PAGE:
So there’s an article in one of the neighbourhood-specific papers today, featuring a couple of my friends from POWER as well as people from OCtEVAW and the Sandy Hill Community Center’s OASIS program (a weekly women’s drop-in frequented by street-based sex-workers, among others).

On thing that pinged my attention was a quote, from the OCtEVAW rep, that “Survival sex is not in the realm of choice or free agency”.

I… I think I know what she means. Survival sex – like survival street-corner-canvassing, survival working-at-KFC, or survival staying-with-your-abuser-for-another-month – is choosing the best of a bunch of shitty options.

But I really don’t like the attitude that making that decision – however crap-tastic (or not) it is for the person making it – is somehow not a decision at all. It’s a problem. The attitude held, it seems, by certain Helping Professionals, as well as vigilante neighbourhood associations and prohibitionist feminists, is that sexworkers (all sexworkers, some sexworkers, it varies) have no agency. And ideas like the one above, that choosing to do sexwork isn’t really “choosing” at all, only serve to reinforce that attitude.

Someone who can’t choose to start doing sexwork can’t choose to stop, either. Which leads to attitudes from “helpers” that sexworkers need “rescuing” (rather than, say, human and labour rights) and, from there, to refusing to listen when sexworkers talk about what they actually need.

Stepping Stone, a harm-reduction based advocacy and outreach group in Halifax, has this to say:

Survival sex workers have less control over their working conditions due to issues such as poverty and criminalization.

Like the mental healthcare professionals who consistently tell sexworkers that their mental health problems (depression, anxiety, whatever) would go away if they stopped doing sexwork, people who say that sexwork – in whole or in part – is a type of violence against women… are being short-sighted, to say the least.

Sexwork doesn’t cause depression. Doing a job you don’t enjoy or find fulfilling? That causes, or exacerbates, depression. Sexwork doesn’t cause anxiety. Having desperately few employment opportunities and a tenuous housing situation causes and exacerbates anxiety.
The intersection of sexism, classism, racism, transmisogyny, and whorephobia, coupled with the criminalization of sexwork, mean that many people choosing survival sexwork are doing so because they can’t find work elsewhere. It also means that, particularly due to the criminalization (but also stigmatization – see “prostiteacher”) of sexwork, that they are less likely to be able to transition out of the sextrade should they want to leave.

In a similar vein, sexwork isn’t violence against women, either. Rather, the stigmatization of sexwork and the marginalization and shaming of sexworkers for the work that they do, that’s violence against women[1]. It’s also, not to put too fine a point on it, an offering of tacit social approval of further, physical violence against women (women who do sexwork or women who are otherwise viewed as promiscuous or “too sexual” by society) because misogynist rapists and murderers know that they are more likely to get away with their crimes if they attack women who are marginalized, stigmaized, shamed, and blamed for their victimization.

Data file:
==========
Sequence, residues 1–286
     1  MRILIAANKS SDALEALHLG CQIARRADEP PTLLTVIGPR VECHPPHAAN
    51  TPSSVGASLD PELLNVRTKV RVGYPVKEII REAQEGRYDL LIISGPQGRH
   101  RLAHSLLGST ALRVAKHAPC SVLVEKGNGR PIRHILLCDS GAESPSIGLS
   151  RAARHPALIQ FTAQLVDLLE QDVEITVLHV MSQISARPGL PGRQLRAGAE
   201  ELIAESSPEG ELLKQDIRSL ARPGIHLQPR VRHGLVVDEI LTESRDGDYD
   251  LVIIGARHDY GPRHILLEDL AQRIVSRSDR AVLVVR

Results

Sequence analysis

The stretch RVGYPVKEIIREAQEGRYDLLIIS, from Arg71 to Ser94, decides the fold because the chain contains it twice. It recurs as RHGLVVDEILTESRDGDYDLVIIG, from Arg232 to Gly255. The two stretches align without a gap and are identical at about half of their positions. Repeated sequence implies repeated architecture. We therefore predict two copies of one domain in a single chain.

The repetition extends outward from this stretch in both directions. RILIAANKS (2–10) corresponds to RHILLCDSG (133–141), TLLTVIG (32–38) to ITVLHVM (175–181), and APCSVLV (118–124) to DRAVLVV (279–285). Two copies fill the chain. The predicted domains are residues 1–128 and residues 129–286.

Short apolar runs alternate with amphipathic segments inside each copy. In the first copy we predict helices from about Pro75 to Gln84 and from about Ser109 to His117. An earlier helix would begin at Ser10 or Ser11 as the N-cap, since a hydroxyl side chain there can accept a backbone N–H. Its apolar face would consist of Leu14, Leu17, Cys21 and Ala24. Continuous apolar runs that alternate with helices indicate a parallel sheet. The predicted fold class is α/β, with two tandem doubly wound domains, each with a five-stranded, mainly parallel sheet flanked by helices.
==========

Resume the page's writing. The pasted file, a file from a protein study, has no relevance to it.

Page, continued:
Look. In-so-far as I’ve “done” sexwork – my work as a professional fetish/erotic model, one short-lived and ultimately fruitless foray into Financial Domination – I’ve had would-be clients whose concern about their own safety and anonymity very much came at the expense of mine. I say “would-be clients” because I don’t take work where I feel like my safety is being compromised. I’m lucky. I have other income streams and other resources that mean I have the financial freedom to avoid gigs like that.
Not everybody does.
But. I want you to think about what I just said. My would-be clients – guys who were doing 100% legal stuff, no loop-holes required – were afraid of people (undisclosed, imaginary people, no less) finding out what they were doing.
Think about how that effects people involved in criminalized sexwork. When you criminalize Communication for the Purposes of Sexwork in public places, street-based sexworkers move to isolated areas (where they are at higher risk of violence) to avoid being seen by police or “concerned citizens”. When you criminalize the hiring of sexworkers or the purchase of sexual services – see Swedish Model – street-based sexworkers move to isolated areas (where they are at higher risk of violence) because their clients won’t approach them unless they can avoid being seen by police or “concerned citizens”.

I don’t think that criminalizing sexwork, or sexworkers, or sexworkers’ income, or sexworkers’ families, or sexworkers’ clients, is going to do anything to help sexworkers… if helping sexworkers is actually what the people advocating for criminalization/prohibition want.

Ms S.

[1] And, duh, everyone else who does sexwork, since it’s not just cis and trans women who do it.